Note: the letter below was written during the 2012 legislative session and is in reference to HB 12-1238, the Colorado Read Act. The bill was signed into law by Governor John Hickenlooper on May 17, 2012.
According to national data, 8 to 10 percent of Colorado third graders cannot read a basic children’s book, such as Dr. Seuss’ Cat in the Hat, because they are functionally illiterate. As part of the business community in Colorado, we must take the initiative to change these statistics. Without significant help now, they will grow up to adults who cannot balance their checkbooks, fill out a job application or complete a health history for their child at the doctor’s office because they cannot read. They will not be able to function in today’s world.
The Colorado business community is broad and diverse, but there are constants for all of us. As business professionals, we bring the best talent we can find to forward our initiatives, ideas and projects and provide the best service we can to our customers. We use rigorously tested, research-based methodologies, and we don’t take new concepts to our customers until we know that they work. That is how business is done in Colorado.
In Colorado, we know that we have one of the best educated workforces in the nation, but we also know that we are not succeeding with our students: Our homegrown children are not being academically prepared. Studies show that the business community of tomorrow will be deeply focused in emerging technologies, and our children are not keeping up with their counterparts across the globe. At the rate we are moving, in 20 years, we will not have enough educated kids to keep up with the business technology demands. We need a workforce that can meet our expectations.
Colorado must take immediate steps to bring our literacy rates up. Students who can’t read in the fourth grade are four times more likely to drop out of high school, and high-school dropouts from the class of 2008 alone will cost Colorado $4.3 billion in lost wages over the course of their lifetimes. Colorado can’t afford to not teach our children to read.
We are focused on literacy in the primary grades because we know that children learn to read through third grade and, after third grade, they read to learn. Those children who haven’t learned to read by third grade will miss the critical transition into reading to learn in fourth grade and beyond. We cannot expect students to graduate from high school, much less succeed in college, when they can’t read the class schedule they are given in sixth grade. Colorado has had a focused literacy program since 1997, and it is clearly not working. It’s time to make a change.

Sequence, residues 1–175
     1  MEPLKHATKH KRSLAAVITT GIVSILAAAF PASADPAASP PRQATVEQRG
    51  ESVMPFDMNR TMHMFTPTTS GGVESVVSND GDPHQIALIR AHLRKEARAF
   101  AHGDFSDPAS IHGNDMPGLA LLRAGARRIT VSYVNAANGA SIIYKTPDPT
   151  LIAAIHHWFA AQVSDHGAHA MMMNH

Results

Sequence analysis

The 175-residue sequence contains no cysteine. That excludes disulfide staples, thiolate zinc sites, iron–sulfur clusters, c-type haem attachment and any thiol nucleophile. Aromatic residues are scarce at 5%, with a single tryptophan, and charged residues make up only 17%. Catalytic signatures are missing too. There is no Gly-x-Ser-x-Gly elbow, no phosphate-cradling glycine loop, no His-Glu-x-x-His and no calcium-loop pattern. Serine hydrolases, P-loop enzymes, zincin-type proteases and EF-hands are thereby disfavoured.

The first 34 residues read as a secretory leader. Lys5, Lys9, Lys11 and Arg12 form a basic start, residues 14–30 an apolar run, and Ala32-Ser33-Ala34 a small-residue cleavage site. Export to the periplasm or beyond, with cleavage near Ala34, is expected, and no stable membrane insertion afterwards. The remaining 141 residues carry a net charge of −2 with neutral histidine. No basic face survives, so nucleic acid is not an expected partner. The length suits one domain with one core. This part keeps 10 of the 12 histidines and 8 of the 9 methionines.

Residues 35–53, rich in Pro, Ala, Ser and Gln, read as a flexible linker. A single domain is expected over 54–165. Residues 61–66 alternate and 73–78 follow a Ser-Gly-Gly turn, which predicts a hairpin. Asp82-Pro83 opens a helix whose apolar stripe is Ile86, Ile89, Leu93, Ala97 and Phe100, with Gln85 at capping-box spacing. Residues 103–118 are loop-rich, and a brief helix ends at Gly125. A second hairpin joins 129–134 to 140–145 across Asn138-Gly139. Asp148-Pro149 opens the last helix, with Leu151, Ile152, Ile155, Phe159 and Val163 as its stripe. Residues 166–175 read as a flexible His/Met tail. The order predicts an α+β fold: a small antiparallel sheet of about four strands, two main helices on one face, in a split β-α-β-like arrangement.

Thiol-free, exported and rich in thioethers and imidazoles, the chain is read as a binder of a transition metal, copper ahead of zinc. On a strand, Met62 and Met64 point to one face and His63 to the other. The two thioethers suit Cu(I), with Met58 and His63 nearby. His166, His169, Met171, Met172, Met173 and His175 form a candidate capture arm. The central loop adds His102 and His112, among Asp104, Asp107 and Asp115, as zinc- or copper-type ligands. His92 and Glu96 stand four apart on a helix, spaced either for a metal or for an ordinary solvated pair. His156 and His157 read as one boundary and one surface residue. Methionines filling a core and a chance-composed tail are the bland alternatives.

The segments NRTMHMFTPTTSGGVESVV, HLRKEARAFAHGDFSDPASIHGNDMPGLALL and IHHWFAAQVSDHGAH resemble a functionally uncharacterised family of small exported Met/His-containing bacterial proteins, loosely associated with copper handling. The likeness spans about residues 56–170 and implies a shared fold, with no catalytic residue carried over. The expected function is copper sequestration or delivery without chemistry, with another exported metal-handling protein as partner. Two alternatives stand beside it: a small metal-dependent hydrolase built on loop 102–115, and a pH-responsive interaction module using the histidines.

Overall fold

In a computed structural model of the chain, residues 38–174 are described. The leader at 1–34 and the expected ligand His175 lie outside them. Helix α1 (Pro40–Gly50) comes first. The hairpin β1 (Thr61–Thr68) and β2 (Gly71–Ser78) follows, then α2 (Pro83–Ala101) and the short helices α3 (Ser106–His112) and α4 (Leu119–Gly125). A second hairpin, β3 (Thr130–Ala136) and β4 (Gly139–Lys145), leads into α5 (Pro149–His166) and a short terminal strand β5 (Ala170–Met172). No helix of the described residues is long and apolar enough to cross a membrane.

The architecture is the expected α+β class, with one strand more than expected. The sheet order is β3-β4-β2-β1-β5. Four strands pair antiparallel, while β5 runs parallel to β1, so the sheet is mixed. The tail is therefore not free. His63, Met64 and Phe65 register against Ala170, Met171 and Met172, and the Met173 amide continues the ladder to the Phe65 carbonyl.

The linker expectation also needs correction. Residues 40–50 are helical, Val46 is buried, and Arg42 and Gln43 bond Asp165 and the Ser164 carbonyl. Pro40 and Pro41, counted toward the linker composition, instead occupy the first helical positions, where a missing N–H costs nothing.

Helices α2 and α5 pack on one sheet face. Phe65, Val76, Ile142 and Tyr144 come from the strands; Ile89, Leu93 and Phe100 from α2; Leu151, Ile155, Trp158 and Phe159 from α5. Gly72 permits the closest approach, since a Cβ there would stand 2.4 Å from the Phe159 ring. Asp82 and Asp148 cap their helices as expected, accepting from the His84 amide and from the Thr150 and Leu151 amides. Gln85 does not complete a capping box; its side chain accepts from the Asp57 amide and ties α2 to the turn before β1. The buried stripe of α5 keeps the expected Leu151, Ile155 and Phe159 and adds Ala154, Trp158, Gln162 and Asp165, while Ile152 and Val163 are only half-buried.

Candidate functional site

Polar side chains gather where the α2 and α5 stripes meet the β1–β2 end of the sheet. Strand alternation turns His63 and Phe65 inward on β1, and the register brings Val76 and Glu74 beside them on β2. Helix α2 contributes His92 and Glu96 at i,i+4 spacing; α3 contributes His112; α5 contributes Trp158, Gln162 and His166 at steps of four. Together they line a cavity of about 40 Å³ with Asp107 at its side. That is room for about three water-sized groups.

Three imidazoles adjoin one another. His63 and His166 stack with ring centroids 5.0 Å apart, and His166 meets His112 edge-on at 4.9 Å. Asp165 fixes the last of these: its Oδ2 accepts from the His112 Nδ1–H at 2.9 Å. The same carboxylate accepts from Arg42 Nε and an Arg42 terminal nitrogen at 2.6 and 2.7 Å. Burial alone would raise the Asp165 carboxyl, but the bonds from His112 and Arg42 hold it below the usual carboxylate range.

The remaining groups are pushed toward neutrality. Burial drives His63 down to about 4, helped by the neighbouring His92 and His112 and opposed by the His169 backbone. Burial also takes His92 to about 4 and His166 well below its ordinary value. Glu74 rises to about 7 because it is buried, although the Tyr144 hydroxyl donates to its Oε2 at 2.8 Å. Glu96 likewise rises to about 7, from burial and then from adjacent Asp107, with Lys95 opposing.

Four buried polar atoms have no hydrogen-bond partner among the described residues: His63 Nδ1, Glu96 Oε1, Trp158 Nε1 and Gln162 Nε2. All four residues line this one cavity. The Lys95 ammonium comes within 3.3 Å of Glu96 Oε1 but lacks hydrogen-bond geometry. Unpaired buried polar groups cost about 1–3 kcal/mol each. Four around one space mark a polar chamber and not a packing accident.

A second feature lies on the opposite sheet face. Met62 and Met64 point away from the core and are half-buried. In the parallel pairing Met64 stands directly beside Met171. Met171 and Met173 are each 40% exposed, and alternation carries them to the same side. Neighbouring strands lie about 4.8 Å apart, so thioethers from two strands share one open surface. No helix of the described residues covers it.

We are proposing a strengthened early literacy program and we are asking the legislature to approve it.
This program will contain the following key points:
Beginning in Kindergarten, students who are at risk of being functionally illiterate in third grade will be identified and they will receive targeted literacy instruction to assist them in working toward basic literacy.
The parents of children who are identified as having significant reading deficiencies will be notified early in their children’s educational career. They will have an opportunity to be involved and will be encouraged to participate in their child’s reading instruction. If the student has a significant reading deficiency at the end of the school year in grades K-2, it will be recommend that the student should not advance to the next grade level. The teacher and parent will participate in making this decision.
If the student is identified in the third grade as having continued reading deficiencies, the school districts must consider investing an additional year in a student. If the student is finishing third grade, and the parent and teacher decide the student will advance to fourth grade even though the student has a significant reading deficiency, the decision is subject to approval by the superintendent of the school district.
A student who does not advance to the next grade level will receive increased reading interventions and supports to improve his or her reading competency and address his or her specific reading skill deficiencies.